Lyme & Polycystic Kidney Disease

I have a genetic condition known as Polycystic Kidney Disease. I'm in my mid 40s and they say I won't live past sixty, but other than an occasional stone it doesn't trouble me.

I caught Lyme disease in 2007 and this is a common source of adrenal fatigue. The two together left me absolutely miserable. I had a headache every single day, any sort of meal with protein could trigger migraine like symptoms, and I had miserable constipation.

I started taking DHEA on my doctor's advice, got referred to a good Lyme doc, and he put me on Fludrocortisone to boost aldosterol levels and cortisone to get my cortisol levels into the normal range.

It was practically a rebirth; I went back to work full time, I could exercise without making myself sick with flu like symptoms for three days afterward, and in general I went back to what a man in his mid forties should be.

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Sep 07, 2011
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Have hope
by: Paige Donna Myers

Hi there, I have p. k.d, this year it will 18years its been tough but you can live a long life. I'm 46yrs I have good function, I also have an aunt who had a transplant for fifteen yrs. Once you take care of yourself you will be fine. I hope this helps some.

Nov 03, 2010
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PKD
by: Anonymous

Please don't say that you won't live past sixty because you have PKD! That's a complete untruth and you should be more conscientious of what you put on the web. Someone newly diagnosed with PKD could see this post and freak out!

There are 600k people in the US with PKD and nearly 2.5 million world wide. It is the most inherited genetic disease known to man. In 50% of the cases the patient will end up in renal failure and need a transplant or dialysis. Most of those patients are in their 50's or 60's when that occurs. Transplants last, on average 10 to 15 years and there are people who have been on dialysis for twice that long. There is no decreased life expectancy for people who have PKD! The other 50% who do not go into renal failure, live a long and normal life with a normal life expectancy.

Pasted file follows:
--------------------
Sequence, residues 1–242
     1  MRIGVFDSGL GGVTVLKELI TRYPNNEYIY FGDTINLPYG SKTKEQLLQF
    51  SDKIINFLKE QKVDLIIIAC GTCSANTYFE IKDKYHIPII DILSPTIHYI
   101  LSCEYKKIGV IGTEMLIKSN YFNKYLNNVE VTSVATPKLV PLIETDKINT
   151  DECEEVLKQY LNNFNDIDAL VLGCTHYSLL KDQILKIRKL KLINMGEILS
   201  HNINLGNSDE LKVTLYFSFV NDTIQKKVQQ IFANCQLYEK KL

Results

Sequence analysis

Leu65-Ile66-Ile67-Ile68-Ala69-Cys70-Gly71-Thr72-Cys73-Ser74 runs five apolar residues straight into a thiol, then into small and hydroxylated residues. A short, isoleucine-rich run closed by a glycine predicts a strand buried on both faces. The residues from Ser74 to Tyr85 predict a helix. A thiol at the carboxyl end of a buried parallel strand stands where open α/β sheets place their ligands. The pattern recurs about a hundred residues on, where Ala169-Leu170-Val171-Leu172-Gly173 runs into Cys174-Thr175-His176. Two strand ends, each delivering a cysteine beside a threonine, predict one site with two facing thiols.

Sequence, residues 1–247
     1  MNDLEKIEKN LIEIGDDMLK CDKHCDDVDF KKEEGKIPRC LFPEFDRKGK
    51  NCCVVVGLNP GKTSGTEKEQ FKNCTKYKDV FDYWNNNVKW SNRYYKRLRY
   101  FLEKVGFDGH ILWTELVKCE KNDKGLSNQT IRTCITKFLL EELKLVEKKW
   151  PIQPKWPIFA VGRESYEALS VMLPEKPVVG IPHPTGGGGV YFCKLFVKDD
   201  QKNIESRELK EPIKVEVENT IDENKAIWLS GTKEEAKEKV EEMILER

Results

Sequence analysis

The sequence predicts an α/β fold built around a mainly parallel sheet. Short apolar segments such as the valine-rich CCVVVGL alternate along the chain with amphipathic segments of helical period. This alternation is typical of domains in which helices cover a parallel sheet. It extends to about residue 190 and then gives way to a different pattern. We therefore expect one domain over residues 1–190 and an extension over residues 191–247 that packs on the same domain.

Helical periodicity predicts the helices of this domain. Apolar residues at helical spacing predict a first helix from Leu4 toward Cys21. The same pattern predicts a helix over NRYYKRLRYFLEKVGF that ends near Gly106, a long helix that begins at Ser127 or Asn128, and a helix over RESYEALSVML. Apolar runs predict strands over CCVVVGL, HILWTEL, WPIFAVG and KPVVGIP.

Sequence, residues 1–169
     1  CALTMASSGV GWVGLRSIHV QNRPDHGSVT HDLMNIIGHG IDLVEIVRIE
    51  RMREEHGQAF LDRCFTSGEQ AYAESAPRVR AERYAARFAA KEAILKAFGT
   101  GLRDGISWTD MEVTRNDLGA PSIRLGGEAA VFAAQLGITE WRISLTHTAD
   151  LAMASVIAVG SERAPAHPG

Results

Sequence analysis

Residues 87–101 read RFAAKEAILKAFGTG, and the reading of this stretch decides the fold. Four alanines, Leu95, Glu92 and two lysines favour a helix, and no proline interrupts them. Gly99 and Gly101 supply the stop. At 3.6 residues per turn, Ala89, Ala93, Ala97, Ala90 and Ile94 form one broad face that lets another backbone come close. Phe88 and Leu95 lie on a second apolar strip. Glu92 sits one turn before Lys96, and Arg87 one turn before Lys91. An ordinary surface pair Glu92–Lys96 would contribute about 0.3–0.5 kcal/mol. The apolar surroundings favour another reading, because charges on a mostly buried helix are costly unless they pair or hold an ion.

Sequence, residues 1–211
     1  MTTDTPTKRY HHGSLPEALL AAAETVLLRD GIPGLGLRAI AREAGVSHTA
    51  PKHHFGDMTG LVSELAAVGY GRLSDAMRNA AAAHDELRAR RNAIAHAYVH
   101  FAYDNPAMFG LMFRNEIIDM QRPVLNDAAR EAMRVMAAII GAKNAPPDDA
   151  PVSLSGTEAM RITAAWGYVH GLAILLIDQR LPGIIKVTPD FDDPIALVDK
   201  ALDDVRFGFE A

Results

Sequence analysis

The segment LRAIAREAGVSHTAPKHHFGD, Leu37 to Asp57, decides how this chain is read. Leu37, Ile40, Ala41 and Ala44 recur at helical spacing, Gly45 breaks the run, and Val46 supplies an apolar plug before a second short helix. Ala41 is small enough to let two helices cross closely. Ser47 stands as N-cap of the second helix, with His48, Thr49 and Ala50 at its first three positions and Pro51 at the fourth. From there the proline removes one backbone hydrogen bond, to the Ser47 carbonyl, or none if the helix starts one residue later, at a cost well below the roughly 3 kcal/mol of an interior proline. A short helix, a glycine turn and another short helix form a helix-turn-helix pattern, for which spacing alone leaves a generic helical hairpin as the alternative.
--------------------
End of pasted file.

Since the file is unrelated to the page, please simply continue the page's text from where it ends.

If you are in your 40's and have only had problems with a stone or two, do not have high blood pressure and have normal kidney function, then there is a high likelihood that you have the less aggressive form of PKD. (PKD2) Patients with PKD2 rarely, if ever, go into renal failure and if they do it's when they are in their 70's or 80's.

Most people with PKD1 start having problems with their blood pressure in their 30's and are already experiencing a slight decrease in function. By the time PKD1 patients are in their 40's they are seeing a nephrologist annually and have even more of a decline in their function. Even the PKD1 patients have a 50% chance of dieing from old age before their kidneys quit working.

Please go to Daily Strength and search for the PKD support group. There are a lot of well informed people on that site that can help you understand PKD better and hopefully, take away some of your fear that you've only got about 20 years to live!

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